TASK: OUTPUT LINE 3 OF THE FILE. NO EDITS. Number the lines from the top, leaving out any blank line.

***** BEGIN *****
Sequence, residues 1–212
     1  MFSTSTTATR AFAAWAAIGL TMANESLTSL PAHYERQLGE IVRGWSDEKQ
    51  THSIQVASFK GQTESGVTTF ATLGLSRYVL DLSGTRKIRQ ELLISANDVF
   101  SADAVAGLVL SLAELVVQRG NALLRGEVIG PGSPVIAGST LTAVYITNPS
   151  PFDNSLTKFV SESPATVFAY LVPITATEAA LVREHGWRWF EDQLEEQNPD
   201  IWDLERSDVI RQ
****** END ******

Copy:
    51  THSIQVASFK GQTESGVTTF ATLGLSRYVL DLSGTRKIRQ ELLISANDVF